By Bill Steigerwald
“Polar Bear Manifesto”
U.S. CAPITOL BUILDING
With a bang the Senate hearing room’s double-doors suddenly flew open. A SWAT team of 12 Navy SEALs in full riot gear and body armor stormed in, knelt down and aimed their MP5 submachine guns at Grandpa.
As the SEALs nodded to each other and took aim at Grandpa’s chest, a desperate voice behind them in the hallway cried out.
“Don’t shoot,” shouted Anderson Cooper, as he and a CNN cameraman rushed in. “Not until I get the exclusive interview.”
Grandpa stayed cool. He had a dozen TV cameras pointed at him and he knew they and Anderson Cooper were his best chance to avoid being shot to death.
“Senator Franken?” Grandpa asked over his shoulder without moving a muscle. “Do you really want the whole world to see a talking polar bear killed inside the U.S. Capitol Building on live television?”
“Um, I’m not sure,” Senator Franken said, looking down helplessly at Senator Boxer’s legs, which were sticking out from under her desk. “I’m kinda new here. I’m just an ex-comedian. Um, can I check with my writing staff and get back to you on that?”
“Senator Franken!!” screeched Senator Boxer, climbing to her feet. “The answer is ‘No,’ you idiot. ‘No, we do not want the world to see a talking polar bear slaughtered in the chambers of the United States Senate.’ “
Looking at Senator Franken with a mix of pity and disgust, Senator Boxer pointed to the SWAT team.
“You people put away those disgusting guns. Mr. Bear if that is his real name poses no danger to anyone is this room. We invited him here. Although I’m sorry to say it, we owe him the chance to finish his propaganda speech on behalf of the criminal energy industry. You may continue with your lies, Mr. Bear not that it’ll do you any good.”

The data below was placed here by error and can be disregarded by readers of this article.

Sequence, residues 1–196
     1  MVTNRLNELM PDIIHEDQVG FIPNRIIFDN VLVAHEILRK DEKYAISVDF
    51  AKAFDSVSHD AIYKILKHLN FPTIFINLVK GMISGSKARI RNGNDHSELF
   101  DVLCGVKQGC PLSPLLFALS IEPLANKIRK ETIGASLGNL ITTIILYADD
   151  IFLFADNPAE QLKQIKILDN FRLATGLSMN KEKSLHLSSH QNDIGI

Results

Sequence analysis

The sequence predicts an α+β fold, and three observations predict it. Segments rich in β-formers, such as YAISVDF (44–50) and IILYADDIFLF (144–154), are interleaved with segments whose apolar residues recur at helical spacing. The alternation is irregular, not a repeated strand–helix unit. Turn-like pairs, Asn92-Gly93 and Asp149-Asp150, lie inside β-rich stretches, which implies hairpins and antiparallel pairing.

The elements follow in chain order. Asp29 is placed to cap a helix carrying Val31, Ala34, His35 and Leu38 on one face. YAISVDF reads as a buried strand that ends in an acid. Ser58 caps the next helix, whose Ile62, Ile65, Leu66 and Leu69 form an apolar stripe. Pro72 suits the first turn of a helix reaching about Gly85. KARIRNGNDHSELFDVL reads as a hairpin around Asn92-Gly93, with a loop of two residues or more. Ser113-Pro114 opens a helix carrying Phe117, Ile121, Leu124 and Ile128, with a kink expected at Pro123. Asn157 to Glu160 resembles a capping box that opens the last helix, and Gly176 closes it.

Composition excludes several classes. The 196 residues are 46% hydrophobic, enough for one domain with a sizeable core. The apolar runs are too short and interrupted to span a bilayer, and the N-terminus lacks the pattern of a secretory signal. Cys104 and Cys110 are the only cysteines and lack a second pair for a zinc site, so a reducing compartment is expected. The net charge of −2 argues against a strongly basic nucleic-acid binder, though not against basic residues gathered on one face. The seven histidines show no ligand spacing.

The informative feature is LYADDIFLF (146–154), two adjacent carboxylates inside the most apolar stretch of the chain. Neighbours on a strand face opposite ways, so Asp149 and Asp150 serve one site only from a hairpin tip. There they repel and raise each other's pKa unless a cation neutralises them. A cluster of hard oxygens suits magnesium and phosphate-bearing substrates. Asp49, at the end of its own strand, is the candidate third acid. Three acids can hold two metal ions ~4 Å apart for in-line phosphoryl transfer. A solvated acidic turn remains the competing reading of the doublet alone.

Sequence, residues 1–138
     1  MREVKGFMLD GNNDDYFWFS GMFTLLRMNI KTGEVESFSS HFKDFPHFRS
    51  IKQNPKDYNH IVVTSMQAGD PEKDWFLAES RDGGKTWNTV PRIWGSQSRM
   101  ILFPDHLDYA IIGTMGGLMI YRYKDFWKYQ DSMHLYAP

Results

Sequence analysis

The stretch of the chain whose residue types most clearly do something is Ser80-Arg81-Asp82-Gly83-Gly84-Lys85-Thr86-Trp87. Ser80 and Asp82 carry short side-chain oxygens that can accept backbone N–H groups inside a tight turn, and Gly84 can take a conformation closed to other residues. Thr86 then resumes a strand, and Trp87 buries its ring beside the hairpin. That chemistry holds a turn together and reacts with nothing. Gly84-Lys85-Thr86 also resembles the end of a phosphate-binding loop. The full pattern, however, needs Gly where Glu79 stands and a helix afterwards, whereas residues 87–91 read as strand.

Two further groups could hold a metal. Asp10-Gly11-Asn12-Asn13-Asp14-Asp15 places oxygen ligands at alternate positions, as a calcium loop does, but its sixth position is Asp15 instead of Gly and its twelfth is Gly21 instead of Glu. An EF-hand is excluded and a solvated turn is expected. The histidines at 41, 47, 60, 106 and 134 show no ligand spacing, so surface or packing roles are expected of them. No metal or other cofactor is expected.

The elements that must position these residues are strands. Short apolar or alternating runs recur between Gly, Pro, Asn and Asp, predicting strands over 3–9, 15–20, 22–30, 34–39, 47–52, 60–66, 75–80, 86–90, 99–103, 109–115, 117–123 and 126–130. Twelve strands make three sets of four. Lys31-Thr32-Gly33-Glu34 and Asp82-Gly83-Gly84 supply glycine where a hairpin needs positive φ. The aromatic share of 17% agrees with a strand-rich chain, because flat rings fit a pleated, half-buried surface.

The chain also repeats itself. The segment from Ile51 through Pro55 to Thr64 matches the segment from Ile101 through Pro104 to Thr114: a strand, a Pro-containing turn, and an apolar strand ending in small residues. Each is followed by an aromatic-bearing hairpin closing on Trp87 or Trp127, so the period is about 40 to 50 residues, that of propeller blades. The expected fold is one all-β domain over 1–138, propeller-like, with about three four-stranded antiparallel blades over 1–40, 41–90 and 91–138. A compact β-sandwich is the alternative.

Grandpa smiled and winked at Senator Boxer.
“Thank you, Ma’am,” he said. “Unlike most of those who come to Washington, I did not come to ask the government for favors or special treatment for my species. I only ask that you treat us the way your Founding Fathers wanted all governments to treat their peaceful citizens.
“Don’t kill us, enslave us or torture us. Don’t steal from us or unfairly tax us. Don’t tell us which god we must pray to or how we must speak or think. Don’t make us wards of the Nanny State. Let us be free to live our lives as we wish as long as we don’t hurt anyone.
“As for ‘global climate change,’ we don’t understand what all the fuss and fear is about. The climate is always changing. It’s perfectly natural. It’s not a crisis for my species or for humans. We’ve already survived two ice ages 100,000 years long and we’ll survive the next one, which, by the way, has already started.”
“Distinguished Senators, do my species a favor. Do not place us on your Endangered Species list — or any other list. If as lawmakers you feel you must do something positive to help us, follow Thomas Jefferson’s advice and concentrate on protecting our natural rights to life, liberty and the pursuit of happiness. And then leave us alone.”
When Grandpa finished no one said a word. The room was completely still.
“Clap clap clap, clap, clap.”
It was Senator Specter. He liked Grandpa’s speech so much he was giving it a standing ovation. So were Senator Inhofe and Senator Franken, who were both weeping but for different reasons. So were 11 other senators on the committee and all the people in the room everyone, except Senator Boxer.
As a dozen reporters stampeded over to interview Grandpa, Senator Boxer was already on her cell phone.
“Al,” she whimpered, “You thought ClimateGate was bad. I’ve got even worse news.”